And never the twain shall meet unless…

May 1, 2009 by  
Filed under Reading Space

Work consists of whatever a body is obliged to do. Play consists of whatever a body is not obliged to do

~ Mark Twain ~

…and never the twain shall meet – unless you love your work!

After establishing my business I discovered I had not only engaged my passion for the written word but also for spreading it. What might be work for some has turned out to be an avenue to share my ‘play’ with those similarly inclined.

When the pile of paperwork totters above me or I receive notification the title I ordered (that numerous members are waiting on) is out of print/not available I allow my eyes to wander over the shelves of books, most especially the parcels ready for dispatch and my passion gets re-engaged…

Whichever your position on the matter I place below some reading material here that I hope helps muster some currently non-existent passion for engagement, be it at work or play, both in fiction and non-fiction form!

The 4-Hour Work WeekThe 4-Hour Work Week – Timothy Ferris

The New York Times bestselling how-to and why-to guide to throwing out the old tools and methods for success and replacing them with a whole new way of living. Tim Ferris is a 28-year-old serial vagabond, successful entrepreneur and lifestyle hustler who has been teaching a wildly popular course at Princeton University for the past several years upon which this book is based.

In The 4-Hour Work Week, Ferris explores the epidemic of information, abuse and addiction that has left us overwhelmed and confused, and poorer for it, and asks us to rethink our lives. Ferris is convinced that we can lead a rich life by working only 4 hours a week, freeing up the rest of our time to spend it living the lives we want.

The 4-Hour Work Week is not another book on work-life balance describing the problems we all face. It is about creating solutions. Ferris teaches you the tips and tricks of the 20/80 rule so you no longer have to wait to retire to enjoy fun, travel and adventure; shows you how to find your muse; replace your dreams with goals and how to ‘add life’ after subtracting work.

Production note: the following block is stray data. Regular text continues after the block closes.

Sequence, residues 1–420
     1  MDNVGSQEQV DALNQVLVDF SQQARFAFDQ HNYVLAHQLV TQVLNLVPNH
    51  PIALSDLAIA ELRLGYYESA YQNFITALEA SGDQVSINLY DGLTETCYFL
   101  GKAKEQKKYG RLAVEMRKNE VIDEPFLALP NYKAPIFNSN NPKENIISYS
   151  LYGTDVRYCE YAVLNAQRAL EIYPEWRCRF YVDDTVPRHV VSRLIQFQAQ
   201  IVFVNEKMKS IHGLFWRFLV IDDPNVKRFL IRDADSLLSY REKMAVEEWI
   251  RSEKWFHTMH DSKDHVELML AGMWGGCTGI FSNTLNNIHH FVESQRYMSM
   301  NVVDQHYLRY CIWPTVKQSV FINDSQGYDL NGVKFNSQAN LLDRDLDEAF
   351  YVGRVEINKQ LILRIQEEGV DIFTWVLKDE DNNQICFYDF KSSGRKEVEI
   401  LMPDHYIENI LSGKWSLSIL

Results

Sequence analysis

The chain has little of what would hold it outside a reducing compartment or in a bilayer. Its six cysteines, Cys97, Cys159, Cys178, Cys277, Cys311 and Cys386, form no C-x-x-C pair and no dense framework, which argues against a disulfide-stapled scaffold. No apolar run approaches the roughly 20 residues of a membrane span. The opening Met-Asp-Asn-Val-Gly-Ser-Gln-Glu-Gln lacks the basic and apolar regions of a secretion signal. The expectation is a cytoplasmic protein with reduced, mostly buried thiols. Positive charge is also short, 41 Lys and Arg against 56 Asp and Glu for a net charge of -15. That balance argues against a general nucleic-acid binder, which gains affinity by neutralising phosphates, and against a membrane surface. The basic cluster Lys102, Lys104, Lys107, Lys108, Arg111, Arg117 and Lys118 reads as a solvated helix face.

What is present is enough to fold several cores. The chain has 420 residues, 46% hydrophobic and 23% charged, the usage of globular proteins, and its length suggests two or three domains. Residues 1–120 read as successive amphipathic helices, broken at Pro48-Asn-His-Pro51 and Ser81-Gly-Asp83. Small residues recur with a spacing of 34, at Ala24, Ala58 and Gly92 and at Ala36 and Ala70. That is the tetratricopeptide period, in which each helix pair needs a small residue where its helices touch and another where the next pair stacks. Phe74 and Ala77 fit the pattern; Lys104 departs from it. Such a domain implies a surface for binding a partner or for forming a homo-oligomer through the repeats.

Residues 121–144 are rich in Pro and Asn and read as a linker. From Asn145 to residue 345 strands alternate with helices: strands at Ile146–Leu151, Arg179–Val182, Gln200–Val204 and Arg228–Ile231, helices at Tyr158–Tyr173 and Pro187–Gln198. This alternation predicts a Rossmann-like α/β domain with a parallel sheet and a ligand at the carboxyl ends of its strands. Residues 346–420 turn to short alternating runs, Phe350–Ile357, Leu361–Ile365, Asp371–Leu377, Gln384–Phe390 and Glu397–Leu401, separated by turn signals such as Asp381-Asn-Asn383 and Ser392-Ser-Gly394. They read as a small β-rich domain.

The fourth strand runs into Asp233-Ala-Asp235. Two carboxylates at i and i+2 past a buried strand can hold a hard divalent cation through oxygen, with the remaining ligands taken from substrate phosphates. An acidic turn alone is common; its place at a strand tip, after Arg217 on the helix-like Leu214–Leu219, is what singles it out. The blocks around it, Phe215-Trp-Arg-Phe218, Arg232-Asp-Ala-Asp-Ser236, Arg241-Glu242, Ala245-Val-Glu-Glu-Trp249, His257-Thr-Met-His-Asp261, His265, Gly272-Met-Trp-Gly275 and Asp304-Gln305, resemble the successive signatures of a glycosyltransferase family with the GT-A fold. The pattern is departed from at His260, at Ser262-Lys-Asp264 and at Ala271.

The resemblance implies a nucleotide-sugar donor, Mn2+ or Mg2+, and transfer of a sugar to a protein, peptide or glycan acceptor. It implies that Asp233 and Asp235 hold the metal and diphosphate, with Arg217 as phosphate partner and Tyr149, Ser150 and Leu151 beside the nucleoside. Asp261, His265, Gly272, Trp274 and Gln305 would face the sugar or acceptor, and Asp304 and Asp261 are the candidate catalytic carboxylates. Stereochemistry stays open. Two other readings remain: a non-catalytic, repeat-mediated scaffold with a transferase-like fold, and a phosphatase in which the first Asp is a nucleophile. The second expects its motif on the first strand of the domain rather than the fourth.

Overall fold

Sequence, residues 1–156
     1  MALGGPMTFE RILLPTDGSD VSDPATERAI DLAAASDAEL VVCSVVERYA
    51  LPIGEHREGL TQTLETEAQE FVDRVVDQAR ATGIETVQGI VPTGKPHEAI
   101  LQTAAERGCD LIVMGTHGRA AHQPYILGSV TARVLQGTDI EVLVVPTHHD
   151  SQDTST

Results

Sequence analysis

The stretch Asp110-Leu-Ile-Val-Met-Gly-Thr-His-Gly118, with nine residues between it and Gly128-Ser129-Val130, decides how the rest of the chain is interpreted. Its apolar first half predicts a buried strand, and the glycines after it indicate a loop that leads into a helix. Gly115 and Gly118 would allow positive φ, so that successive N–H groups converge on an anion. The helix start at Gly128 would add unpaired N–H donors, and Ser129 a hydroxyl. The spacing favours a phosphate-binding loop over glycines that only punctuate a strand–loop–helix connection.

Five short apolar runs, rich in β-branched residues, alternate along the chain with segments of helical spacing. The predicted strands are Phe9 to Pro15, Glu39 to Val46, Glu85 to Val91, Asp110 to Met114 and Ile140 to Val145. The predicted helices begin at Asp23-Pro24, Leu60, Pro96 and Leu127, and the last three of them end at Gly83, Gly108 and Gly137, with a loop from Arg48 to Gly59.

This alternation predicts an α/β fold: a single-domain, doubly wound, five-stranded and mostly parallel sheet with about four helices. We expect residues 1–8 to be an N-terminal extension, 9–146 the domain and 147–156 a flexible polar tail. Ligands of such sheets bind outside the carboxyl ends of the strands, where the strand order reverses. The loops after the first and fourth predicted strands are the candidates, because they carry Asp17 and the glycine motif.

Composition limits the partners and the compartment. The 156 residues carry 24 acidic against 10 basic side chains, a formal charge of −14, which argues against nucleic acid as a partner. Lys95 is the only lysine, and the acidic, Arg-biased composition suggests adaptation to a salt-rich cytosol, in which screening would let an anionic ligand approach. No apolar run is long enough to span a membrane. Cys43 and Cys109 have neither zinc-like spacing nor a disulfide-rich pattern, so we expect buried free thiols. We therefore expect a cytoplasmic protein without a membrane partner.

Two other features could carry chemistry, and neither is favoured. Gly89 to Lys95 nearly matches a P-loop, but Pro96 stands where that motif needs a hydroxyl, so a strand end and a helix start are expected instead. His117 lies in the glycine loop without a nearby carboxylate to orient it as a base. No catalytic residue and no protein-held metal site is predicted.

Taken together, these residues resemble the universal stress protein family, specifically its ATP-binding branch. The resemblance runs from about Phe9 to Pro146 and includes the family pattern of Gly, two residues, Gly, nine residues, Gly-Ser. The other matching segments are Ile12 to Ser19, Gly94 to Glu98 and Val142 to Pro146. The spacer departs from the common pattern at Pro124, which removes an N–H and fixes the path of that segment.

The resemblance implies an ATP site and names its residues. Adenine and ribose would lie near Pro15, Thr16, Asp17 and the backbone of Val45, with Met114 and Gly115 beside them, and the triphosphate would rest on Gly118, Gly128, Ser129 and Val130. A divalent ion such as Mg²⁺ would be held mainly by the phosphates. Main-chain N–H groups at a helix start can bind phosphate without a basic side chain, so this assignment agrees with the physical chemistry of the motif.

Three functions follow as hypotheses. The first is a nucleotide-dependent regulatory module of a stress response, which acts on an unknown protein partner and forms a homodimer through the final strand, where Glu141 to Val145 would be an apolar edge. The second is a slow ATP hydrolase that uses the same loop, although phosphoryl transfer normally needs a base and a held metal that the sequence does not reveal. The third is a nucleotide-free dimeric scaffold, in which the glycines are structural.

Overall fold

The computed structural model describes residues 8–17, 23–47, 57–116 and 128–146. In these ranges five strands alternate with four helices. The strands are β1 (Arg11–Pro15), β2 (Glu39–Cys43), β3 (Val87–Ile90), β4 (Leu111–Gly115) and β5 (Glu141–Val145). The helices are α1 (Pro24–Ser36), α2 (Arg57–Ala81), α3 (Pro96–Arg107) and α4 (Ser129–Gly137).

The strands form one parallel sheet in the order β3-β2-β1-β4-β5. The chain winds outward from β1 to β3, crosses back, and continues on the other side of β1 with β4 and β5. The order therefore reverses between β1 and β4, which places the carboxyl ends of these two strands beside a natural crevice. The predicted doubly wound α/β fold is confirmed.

So, take a step back and follow these principles:

  • Definition: Define what you want to be doing.
  • Elimination: Ask yourself three times a day ‘am I being productive, or am I being busy?’ Get rid of the noise and interruption.
  • Automation: Delegate or automate the remaining tasks, even sending personal tasks overseas.
  • Liberation: Enjoy your mobility and use the time you create.

Overworked and UnderlaidOverworked and Underlaid – Nigel March

Ever felt overworked and underlaid? Or that you’re slogging away in a job you don’t enjoy to buy things you don’t need to impress people you don’t like? And that sometimes self-help books are no help at all?

If so, Nigel Marsh knows how you feel. In this, his latest book, the bestselling author of  Fat Forty and Fired recounts anecdotes from his recent family and work life that have given him pause to stop and think. Candid and inspiring, Marsh will make you laugh out loud as he tackles topics as diverse as work-life balance, sex in marriage (or lack of it), parenting, death – even dog ownership.

Marsh’s disarming humility and self-depreciating humour make a refreshing change from those experts who claim to have all the answers. Instead, Overworked and Underlaid is simply one vertically challenged man’s view of life – from the ground up.